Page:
Smart beta—or alternative beta, as some call it—is getting a lot of attention from investors and advisors these days, and many fund managers are launching new strategies in this area. These funds weight holdings in unconventional ways, aside from market capitalization. But Rick Ferri, founder of Portfolio Solutions, thinks “smart beta” is a clever marketing term, but we don’t know whether it is in fact “smart.” We do know that these strategies have outperformed over the last 15 years.
“Whether it will outperform over the next 15 years, that’s the question,” Ferri said during a session at the 2014 Morningstar Investment Conference in Chicago this morning.
“Nothing fails like success on Wall Street,” Ferri said. He’s referring to the phenomenon where investors flood into a popular strategy, and the benefits of that strategy are often exploited out of the market. This is what happened to the Dogs of the Dow, a popular strategy. Could smart beta be the next failure?
If you look at the risk premium from these strategies (net of the cost to do it), Ferri would argue it’s a lot lower than it was in, say, 1999. The risk premium could be zero or less for the next 15 years, Ferri believes. So if investors are going to get into the strategy now, you’d better stay in for the rest of your life because that’s how long it may take to reap the benefits from it.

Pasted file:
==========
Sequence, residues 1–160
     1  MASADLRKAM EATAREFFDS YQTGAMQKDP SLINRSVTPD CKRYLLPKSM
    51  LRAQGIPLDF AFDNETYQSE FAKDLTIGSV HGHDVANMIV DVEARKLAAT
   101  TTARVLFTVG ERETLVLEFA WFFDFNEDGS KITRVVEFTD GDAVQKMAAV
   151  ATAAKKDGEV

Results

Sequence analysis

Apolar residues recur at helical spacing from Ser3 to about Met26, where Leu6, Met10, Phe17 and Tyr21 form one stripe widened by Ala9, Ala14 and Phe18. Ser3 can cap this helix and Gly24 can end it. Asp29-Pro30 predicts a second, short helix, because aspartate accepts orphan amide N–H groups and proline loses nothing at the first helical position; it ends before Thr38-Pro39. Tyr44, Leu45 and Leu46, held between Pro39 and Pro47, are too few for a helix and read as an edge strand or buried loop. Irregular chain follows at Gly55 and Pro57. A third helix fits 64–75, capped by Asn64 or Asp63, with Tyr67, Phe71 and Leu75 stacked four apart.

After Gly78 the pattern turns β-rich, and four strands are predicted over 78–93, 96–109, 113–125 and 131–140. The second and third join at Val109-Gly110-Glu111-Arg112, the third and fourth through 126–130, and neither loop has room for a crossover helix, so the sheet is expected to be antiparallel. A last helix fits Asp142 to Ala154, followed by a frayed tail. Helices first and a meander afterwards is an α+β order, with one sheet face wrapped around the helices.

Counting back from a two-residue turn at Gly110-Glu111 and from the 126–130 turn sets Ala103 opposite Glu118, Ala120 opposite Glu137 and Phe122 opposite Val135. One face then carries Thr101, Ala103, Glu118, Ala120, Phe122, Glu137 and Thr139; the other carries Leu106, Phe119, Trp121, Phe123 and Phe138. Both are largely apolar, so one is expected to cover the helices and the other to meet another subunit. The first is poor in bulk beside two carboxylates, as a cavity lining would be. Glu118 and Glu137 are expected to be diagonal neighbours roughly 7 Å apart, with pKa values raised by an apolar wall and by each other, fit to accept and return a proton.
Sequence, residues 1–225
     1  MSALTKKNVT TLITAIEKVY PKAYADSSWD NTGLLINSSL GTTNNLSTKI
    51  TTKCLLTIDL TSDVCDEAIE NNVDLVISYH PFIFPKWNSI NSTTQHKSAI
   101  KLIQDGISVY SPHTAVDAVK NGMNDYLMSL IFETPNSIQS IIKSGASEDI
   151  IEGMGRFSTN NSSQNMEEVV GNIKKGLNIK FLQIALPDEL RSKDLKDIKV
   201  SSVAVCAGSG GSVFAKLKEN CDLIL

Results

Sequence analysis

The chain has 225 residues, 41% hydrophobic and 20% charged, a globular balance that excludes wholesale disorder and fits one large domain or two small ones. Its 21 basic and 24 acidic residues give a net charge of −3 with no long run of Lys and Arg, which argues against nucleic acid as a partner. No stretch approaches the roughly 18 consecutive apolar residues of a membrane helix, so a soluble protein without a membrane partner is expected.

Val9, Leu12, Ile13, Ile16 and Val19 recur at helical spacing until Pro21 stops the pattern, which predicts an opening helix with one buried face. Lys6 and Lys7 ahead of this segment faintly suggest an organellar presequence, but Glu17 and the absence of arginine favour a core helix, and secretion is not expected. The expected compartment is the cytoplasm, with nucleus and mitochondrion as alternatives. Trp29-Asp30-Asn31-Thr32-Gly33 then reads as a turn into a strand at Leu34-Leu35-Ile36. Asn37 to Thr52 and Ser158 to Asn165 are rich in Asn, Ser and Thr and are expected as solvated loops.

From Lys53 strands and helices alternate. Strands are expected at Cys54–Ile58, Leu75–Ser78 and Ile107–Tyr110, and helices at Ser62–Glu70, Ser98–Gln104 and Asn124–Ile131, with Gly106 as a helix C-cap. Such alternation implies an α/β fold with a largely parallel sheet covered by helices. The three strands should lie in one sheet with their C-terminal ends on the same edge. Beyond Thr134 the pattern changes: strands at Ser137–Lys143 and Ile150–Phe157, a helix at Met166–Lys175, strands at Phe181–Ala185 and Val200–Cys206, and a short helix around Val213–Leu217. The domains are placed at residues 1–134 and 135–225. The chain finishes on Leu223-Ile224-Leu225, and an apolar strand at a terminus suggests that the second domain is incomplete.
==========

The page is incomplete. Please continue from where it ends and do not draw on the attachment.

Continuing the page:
Ferri sees three disadvantages to smart beta. First, “The cost of beta is basically free.” In other words, you can buy a Vanguard Total Stock Market ETF for 5 or 6 basis points, and get beta exposure that way. Anything other than beta—such as equal weight or fundamental weight strategies—is more costly. You can pay anywhere from 35 to 80 basis points for those, and most of that fee goes to the manager. “You automatically impart a hurdle rate on your portfolio.”
There’s always more risk with smart beta, he said. Nobel Prize winner Eugene Fama told Ferri, “There’s no such thing as a smart beta. There’s no such thing as alternative betas. What there are, are additional betas, because you have to think of beta as a risk.” Smart beta strategies, in other words, are throwing additional beta into the mix, and that means more risk.
Lastly, there are long periods of time where these strategies underperform the market. Small-cap value, for example, underperformed from 1983 to 2001, Ferri said. “Are your clients going to hang in there for 18 periods of underperformance? The answer is, probably not.”